This lightly built typical fox is about the size of its North American cousin, the Red fox (Vulpes vulpes). In the Western Cape research has revealed that around 10% of the stomach contents of sample animals have been preying on small lambs. (Bear in mind though, that it is not possible to tell whether it killed a live lamb or picked up a dead one.)
Most live stock farmers have an attitude of indifference about them, as opposed to an active pursuit of the Black-backed jackal. I let them go when encountering them on night calling, unless the farmer assures me that it is the culprit.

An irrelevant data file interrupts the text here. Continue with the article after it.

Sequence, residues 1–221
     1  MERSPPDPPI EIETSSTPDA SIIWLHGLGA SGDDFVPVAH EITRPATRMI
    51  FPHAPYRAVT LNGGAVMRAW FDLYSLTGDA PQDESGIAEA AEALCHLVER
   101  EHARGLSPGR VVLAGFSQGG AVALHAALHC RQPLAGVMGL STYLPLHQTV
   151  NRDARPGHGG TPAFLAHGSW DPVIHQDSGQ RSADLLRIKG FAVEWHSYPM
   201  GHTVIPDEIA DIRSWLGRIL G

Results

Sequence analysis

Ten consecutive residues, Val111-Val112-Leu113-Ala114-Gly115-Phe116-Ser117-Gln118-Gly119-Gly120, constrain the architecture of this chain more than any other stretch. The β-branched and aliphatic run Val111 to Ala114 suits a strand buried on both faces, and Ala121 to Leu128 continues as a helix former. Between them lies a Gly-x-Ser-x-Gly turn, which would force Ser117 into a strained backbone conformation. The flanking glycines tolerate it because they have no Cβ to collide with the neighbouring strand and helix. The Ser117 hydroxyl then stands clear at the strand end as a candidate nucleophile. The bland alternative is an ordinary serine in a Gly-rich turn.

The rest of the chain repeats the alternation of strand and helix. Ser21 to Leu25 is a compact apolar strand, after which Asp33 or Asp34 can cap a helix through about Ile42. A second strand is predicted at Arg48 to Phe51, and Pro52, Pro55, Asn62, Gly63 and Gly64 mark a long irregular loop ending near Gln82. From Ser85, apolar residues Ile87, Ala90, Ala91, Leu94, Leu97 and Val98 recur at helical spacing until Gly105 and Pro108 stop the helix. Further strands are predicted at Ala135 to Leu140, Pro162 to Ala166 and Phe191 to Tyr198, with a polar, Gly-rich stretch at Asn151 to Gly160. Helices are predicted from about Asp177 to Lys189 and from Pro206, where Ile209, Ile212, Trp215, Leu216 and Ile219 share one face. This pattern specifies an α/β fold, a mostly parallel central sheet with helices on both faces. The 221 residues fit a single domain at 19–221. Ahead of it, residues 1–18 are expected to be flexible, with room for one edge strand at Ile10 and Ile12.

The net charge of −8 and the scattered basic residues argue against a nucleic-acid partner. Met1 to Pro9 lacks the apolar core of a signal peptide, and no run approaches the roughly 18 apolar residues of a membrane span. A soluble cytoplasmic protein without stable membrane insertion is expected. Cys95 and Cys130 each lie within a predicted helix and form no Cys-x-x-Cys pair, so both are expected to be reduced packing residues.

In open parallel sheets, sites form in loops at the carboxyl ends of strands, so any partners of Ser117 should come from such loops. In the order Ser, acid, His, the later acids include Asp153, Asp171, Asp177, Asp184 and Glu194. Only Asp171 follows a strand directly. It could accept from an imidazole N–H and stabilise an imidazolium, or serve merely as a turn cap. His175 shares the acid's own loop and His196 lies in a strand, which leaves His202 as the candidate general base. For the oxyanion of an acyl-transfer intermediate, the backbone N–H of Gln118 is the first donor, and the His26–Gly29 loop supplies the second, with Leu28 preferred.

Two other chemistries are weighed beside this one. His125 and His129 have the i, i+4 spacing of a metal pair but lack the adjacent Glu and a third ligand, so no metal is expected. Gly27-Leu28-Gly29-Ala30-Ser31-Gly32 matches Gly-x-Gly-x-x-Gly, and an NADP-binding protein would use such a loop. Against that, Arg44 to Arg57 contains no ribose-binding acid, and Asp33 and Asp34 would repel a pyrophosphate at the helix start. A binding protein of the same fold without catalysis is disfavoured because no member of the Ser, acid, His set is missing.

Cape fox can easily be confused with juvenile Black-backed jackal, so take care when night calling for predators.
By inspecting the carcass of a sheep, one can usually tell what had killed it, by simply looking it the spread of canine teeth punctures on the sheep’s throat. Cape fox is about 15mm, Black-backed jackal about 25mm, and feral dogs about 35mm or more.